On Wednesday evening, Deputy Attorney General Rod Rosenstein named Robert S. Mueller III, the former director of the FBI under President Bush and President Obama, as special counsel, to lead the investigation into the Trump campaign and its alleged ties to and possible collaboration with Russia.
In the hectic hours since the news broke, Mueller has largely received praise from both sides of the political aisle and former FBI agents, who described him in glowing terms, citing both his relentlessness, skill, and impartiality.
Since retiring from the Bureau in 2013, he has been called back into service to oversee a few independent investigations. But none were more high-profile than when Roger Goodell and the NFL came calling, asking him to find out what went wrong with the league's own botched inquiry into Ray Rice's act of domestic violence.
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To quickly recap: in February 2014, Rice, then a running back with the Baltimore Ravens, brutally struck his now-wife Janay in the elevator of an Atlantic City casino. In a video obtained by TMZ, Rice is seen dragging her unconscious body into the lobby. Rice was indicted and charged with aggravated assault, though the charges were eventually dropped when Rice agreed to enter a pretrial intervention program.
The NFL handed down a two-game suspension, and while there was an outcry over the initial, slight punishment, once Goodell announced a revised policy with the promise of sterner, longer penalties, the story seemed to have reached its sad conclusion. In September, TMZ procured a second video showing the actual assault, a tape that the NFL and the Ravens claimed they'd never seen before, despite reasonable evidence to the contrary. (A fuller unpacking of all the contradictory statements, and attempts by various NFL-friendly reporters and team and league officials to provide cover for Rice while minimizing the impact on the victim, can be found here.)
At the height of the media firestorm and public backlash and on the same day that Goodell published a memo to all 32 team owners protesting his innocence, Goodell also announced that Mueller had been enlisted to go back and perform an autopsy on the NFL's investigation, partly to show how serious he and his cohorts were about Getting This Right. Mueller's job was to determine if Goodell or any of his lieutenants were lying about what they knew and when they knew it, with promises of "full cooperation" from any and all parties that may have been involved.
Four months later, Mueller made public a 96-page report. Though Mueller wasn't armed with nearly the set of legal and governmental tools as he will be in his current role, he did offer very thorough accounting of what had transpired and a partial vindication for Goodell. "There is no evidence that Goodell or anyone else in the league received or saw the tape [of Rice punching his then fiancêe in the face] prior to it going public," the summary statement read.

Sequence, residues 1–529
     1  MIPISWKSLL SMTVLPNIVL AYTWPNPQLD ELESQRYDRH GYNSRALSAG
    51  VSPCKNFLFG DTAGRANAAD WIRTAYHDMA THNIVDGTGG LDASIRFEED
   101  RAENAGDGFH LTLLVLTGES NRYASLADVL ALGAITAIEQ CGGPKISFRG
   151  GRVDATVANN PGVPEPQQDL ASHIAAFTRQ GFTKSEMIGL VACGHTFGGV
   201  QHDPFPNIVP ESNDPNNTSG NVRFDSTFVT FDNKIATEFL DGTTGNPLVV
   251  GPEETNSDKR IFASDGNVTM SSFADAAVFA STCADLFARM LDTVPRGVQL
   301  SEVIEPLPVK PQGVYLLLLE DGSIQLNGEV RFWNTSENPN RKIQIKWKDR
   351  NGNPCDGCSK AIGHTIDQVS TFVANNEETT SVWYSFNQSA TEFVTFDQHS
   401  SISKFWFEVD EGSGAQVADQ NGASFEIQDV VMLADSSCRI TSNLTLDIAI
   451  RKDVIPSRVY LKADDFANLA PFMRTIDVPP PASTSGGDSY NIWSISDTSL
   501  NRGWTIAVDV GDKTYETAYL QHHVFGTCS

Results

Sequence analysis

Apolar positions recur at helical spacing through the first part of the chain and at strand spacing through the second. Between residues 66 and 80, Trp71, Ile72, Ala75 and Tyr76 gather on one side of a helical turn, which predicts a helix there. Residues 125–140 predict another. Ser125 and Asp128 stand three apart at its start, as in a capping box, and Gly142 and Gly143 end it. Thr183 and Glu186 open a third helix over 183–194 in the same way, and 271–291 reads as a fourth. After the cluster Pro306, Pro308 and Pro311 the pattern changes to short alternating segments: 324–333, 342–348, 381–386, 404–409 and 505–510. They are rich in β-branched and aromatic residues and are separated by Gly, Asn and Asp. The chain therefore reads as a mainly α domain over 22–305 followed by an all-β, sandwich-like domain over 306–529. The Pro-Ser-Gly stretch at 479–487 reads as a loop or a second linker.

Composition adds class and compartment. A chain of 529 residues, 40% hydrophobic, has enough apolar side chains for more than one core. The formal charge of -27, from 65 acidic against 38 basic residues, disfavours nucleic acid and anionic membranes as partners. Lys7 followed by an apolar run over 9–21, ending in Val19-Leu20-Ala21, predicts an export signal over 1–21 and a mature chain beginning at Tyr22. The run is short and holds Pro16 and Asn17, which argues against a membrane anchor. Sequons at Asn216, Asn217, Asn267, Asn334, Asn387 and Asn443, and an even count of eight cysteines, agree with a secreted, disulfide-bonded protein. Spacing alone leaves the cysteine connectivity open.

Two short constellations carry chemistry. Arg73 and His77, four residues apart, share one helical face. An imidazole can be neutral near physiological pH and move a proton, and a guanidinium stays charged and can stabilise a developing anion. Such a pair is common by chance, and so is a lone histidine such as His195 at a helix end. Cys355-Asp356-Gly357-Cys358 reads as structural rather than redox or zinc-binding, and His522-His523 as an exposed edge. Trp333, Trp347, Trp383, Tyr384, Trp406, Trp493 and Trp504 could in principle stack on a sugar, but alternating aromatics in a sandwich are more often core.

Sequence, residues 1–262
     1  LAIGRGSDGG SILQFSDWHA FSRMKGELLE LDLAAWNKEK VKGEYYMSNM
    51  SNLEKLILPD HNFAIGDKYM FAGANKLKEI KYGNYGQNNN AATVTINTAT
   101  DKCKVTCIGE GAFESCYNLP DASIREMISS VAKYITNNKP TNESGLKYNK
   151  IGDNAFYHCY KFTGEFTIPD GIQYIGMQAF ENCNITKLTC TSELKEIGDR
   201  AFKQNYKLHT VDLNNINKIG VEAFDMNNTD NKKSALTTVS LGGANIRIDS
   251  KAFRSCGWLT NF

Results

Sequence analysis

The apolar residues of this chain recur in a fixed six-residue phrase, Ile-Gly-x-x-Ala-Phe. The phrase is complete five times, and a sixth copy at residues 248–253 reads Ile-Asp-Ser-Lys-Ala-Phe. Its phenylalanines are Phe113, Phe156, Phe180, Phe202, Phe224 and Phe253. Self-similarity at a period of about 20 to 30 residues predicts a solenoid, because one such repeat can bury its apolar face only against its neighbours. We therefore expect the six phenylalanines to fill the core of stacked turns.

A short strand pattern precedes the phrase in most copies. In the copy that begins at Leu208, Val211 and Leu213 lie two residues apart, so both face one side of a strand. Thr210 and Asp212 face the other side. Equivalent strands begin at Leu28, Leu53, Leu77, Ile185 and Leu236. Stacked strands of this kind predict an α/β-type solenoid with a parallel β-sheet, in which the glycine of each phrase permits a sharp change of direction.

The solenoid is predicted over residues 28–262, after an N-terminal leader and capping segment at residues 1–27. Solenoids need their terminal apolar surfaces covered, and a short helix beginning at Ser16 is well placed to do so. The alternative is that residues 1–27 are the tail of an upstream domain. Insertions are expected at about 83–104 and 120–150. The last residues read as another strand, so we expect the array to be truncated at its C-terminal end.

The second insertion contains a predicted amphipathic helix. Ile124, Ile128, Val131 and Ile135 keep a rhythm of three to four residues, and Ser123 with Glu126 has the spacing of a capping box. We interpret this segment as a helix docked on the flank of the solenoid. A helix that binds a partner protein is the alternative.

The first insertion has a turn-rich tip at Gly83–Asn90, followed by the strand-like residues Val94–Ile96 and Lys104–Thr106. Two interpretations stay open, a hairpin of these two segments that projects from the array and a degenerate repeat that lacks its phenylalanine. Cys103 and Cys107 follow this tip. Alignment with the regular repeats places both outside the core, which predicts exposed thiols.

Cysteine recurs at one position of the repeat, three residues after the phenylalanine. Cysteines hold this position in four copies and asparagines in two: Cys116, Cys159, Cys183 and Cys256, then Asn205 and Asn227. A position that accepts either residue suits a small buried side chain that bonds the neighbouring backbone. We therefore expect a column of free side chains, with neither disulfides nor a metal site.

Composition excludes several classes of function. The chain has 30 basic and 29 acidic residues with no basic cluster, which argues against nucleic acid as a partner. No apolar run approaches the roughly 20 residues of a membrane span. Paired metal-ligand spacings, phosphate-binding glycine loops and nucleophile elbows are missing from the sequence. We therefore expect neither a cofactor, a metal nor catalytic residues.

But as Deadspin noted, the entirety of the report paints a strange and contradictory picture of the NFL's massive security apparatus. It has a slew of ex-cops in its employ, yet at various points throughout the investigation, both the NFL and its army of shamuses managed to fumble basic procedures, failed to follow up on obvious leads and lines of inquiry, or sat on their hands at the least opportune moments, either due to rank incompetence or a thinly-veiled desire to maintain plausible deniability. Taken as a whole, it belies Goodell's memo and multiple public comments in which he alleged the NFL had done everything in its power to uncover the truth.
What Mueller failed to determine is whether this was driven by some nefarious motive or if Goodell et al. are just really bad at this. It's clear that the NFL made a terrible decision in selecting James Buckley a former New Jersey private investigator, to head the investigation but was that by design? Per Deadspin, we'll never know for sure, and that's partially due to the scope and nature of Mueller's investigation.
It would take a more prosecutorial investigation on the part of Mueller and his team to say with any certainty if that is really the case, or if Buckley conveniently forgetting the tricks of his trade at these exact moments was in concert with a broader desire not to find anything, or if he really was a moron, but a useful one put on the case by someone who would prefer a moron handle it.
None of this should serve as a word-for-word preview as to how Mueller will conduct himself in the months (years?) to come, but it's not hard to see why one might think he'd be the perfect man for the job, what with all the morons and see-no-evil, hear-no-evil monkeys flitting about. Hopefully, no one will contend that Mueller has too many friends in the White House to really delve into the muck, as was the case back in 2014.